Disruption of a gene for rice sucrose transporter, OsSUT1, impairs pollen function but pollen maturation is unaffected.

Hirose T, Zhang Z, Miyao A, Hirochika H, Ohsugi R, Terao T - J. Exp. Bot. (2010)

Analysis of OsSUT1 expression in the glumaceous flowers of transgenic plants harbouring a OsSUT1 promoter::GUS construct. (A, D) Whole glumaceous flowers at stage I (A) and stage III (D). Bars indicate 1 mm. (B, C, E, F) Cross-sections of anthers of various developmental stages; (B) earlier than stage I (around 10 DTA), (C) stage I, (E) stage II, (F) stage IV. Bars indicate 0.1 mm. (B) and (C) are phase-contrast images to show the anatomy of the anthers better.
© Copyright Policy - open-access
Related In: Results  -  Collection

License 1 - License 2
Show All Figures
getmorefigures.php?uid=PMC2921200&req=5

fig2: Analysis of OsSUT1 expression in the glumaceous flowers of transgenic plants harbouring a OsSUT1 promoter::GUS construct. (A, D) Whole glumaceous flowers at stage I (A) and stage III (D). Bars indicate 1 mm. (B, C, E, F) Cross-sections of anthers of various developmental stages; (B) earlier than stage I (around 10 DTA), (C) stage I, (E) stage II, (F) stage IV. Bars indicate 0.1 mm. (B) and (C) are phase-contrast images to show the anatomy of the anthers better.
Mentions: The expression of OsSUT1 was then examined by histochemical staining using transgenic plants harbouring a OsSUT1 promoter::GUS construct. No staining was detected in the glumaceous flowers at stage I or earlier (Fig. 2A, B, C); clear staining was then observed in both the anther wall and pollen at stage II and later (Fig. 2D, E, F). These results are consistent with those from the RT-PCR analysis.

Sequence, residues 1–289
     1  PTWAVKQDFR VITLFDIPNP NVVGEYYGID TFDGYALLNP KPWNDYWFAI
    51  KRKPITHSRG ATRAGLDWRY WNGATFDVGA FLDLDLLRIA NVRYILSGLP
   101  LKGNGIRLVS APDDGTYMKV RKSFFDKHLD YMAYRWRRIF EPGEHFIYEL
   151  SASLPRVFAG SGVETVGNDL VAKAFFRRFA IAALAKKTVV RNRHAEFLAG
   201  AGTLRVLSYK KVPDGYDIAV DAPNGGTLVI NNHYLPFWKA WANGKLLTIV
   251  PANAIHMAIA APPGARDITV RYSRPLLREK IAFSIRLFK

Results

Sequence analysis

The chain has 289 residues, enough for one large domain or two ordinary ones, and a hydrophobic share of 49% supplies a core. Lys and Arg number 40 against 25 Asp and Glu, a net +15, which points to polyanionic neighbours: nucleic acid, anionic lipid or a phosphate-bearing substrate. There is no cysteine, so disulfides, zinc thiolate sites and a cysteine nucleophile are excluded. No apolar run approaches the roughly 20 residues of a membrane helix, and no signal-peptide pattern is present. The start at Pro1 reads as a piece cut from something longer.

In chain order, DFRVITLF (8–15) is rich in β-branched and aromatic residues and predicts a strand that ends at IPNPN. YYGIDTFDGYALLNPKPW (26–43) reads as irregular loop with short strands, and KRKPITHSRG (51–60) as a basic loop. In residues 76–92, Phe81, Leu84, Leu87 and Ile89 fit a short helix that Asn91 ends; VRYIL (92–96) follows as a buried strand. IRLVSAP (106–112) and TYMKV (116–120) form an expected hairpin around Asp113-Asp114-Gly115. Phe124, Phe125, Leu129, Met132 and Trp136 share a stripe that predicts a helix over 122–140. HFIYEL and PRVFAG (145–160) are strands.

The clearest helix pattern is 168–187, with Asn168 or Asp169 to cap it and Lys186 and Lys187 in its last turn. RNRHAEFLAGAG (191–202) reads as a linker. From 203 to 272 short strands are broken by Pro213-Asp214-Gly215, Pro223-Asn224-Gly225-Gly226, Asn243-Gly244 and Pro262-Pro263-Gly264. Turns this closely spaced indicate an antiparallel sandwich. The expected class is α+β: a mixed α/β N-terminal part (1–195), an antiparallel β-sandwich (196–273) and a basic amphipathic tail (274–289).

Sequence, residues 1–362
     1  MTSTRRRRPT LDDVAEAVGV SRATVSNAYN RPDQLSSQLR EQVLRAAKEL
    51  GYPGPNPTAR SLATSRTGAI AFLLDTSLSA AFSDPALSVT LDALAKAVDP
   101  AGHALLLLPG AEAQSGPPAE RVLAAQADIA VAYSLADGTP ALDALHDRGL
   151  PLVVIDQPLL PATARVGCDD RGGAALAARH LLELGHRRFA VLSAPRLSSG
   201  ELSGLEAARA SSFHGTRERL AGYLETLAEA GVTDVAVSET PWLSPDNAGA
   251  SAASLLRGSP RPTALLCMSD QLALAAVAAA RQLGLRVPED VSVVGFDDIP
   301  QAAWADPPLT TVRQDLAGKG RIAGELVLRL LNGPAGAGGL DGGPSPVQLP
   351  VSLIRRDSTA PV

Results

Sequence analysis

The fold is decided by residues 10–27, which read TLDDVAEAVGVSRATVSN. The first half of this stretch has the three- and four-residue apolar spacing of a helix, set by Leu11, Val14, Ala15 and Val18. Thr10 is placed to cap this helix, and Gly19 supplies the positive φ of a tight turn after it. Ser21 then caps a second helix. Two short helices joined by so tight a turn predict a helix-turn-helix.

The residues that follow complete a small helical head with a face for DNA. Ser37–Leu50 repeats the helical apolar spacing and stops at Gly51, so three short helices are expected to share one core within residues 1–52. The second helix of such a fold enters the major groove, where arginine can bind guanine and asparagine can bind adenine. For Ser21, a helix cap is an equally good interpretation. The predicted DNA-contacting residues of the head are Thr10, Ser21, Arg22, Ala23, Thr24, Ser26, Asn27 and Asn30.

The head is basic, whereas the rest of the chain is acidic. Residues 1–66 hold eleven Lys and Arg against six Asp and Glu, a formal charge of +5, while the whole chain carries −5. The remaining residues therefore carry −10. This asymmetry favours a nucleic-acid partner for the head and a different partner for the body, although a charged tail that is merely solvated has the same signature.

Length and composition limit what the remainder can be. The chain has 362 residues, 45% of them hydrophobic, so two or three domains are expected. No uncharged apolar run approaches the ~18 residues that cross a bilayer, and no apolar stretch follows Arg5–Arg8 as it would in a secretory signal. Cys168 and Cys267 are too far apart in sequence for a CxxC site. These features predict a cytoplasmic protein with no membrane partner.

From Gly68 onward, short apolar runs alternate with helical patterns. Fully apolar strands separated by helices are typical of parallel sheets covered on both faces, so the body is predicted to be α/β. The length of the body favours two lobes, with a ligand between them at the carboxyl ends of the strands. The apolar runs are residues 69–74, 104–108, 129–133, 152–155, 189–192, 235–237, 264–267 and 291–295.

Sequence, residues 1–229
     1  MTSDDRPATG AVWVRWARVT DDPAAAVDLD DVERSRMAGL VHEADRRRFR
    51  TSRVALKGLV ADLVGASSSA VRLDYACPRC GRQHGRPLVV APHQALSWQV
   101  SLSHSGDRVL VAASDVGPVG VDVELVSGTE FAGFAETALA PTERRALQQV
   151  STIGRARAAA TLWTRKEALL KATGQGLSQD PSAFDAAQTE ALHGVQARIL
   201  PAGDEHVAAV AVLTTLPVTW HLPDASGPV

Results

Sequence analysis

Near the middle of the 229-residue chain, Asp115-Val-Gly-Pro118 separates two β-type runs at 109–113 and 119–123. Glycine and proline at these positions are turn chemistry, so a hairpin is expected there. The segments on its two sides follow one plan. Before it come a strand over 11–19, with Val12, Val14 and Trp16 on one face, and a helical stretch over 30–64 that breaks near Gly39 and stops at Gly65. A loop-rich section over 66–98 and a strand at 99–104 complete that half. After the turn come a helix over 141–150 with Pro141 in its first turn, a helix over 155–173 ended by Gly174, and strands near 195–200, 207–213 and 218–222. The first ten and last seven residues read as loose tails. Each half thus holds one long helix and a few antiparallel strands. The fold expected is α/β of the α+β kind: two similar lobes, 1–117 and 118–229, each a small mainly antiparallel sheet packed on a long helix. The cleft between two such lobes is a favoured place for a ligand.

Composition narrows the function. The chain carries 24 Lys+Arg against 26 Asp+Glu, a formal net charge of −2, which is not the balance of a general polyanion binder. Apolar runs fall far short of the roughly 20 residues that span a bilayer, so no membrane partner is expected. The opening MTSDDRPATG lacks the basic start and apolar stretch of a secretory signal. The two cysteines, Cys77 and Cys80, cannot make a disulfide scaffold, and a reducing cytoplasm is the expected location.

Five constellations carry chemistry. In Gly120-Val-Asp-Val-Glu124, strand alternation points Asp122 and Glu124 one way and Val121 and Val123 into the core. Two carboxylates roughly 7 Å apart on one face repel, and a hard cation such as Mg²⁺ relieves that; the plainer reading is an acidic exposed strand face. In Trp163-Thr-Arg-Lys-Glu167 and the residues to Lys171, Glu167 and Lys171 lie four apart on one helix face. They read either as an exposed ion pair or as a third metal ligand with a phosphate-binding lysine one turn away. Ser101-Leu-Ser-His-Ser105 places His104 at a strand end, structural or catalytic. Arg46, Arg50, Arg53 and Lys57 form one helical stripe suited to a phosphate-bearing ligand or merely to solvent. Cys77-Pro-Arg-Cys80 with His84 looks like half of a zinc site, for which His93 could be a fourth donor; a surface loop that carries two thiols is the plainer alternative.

Bottom Line: Among the five SUT genes, OsSUT1 and OsSUT3 were found to be preferentially expressed and had temporal expression patterns that were distinct from each other.Expression of OsSUT1 in pollen was confirmed by a promoter-GUS fusion assay.However, starch accumulation during pollen development was not affected by disruption of OsSUT1, suggesting that the sugar(s) required for starch biosynthesis is supplied by other sugar transporters.

View Article: PubMed Central - PubMed

Affiliation: Hokuriku Research Center, National Agricultural Research Center, National Agriculture and Food Research Organization, Joetsu, Niigata 943-0193, Japan. dragon@affrc.go.jp

ABSTRACT
Sucrose transporters (SUTs) are known to play critical roles in the uptake of sucrose from the apoplast in various steps of sugar translocation. Because developing pollen is symplastically isolated from anther tissues, it is hypothesized that SUTs are active in the uptake of apoplastic sucrose into pollen. To investigate this possibility, a comprehensive expression analysis was performed for members of the SUT gene family in the developing pollen of rice (Oryza sativa L.) using real-time RT-PCR combined with a laser microdissection technique. Among the five SUT genes, OsSUT1 and OsSUT3 were found to be preferentially expressed and had temporal expression patterns that were distinct from each other. Expression of OsSUT1 in pollen was confirmed by a promoter-GUS fusion assay. The physiological function of OsSUT1 in pollen was further investigated using retrotransposon insertion mutant lines. While the homozygote of disrupted OsSUT1 (SUT1-/-) could not be obtained, heterozygote plants (SUT1+/-) showed normal grain filling. Their progeny segregated into SUT1+/- and SUT1+/+ with the ratio of 1:1, suggesting that the pollen disrupted for OsSUT1 is dysfunctional. This hypothesis was reinforced in vivo by a backcross of SUT1+/- plants with wild-type plants and also by in vitro pollen germination on the artificial media. However, starch accumulation during pollen development was not affected by disruption of OsSUT1, suggesting that the sugar(s) required for starch biosynthesis is supplied by other sugar transporters.

Show MeSH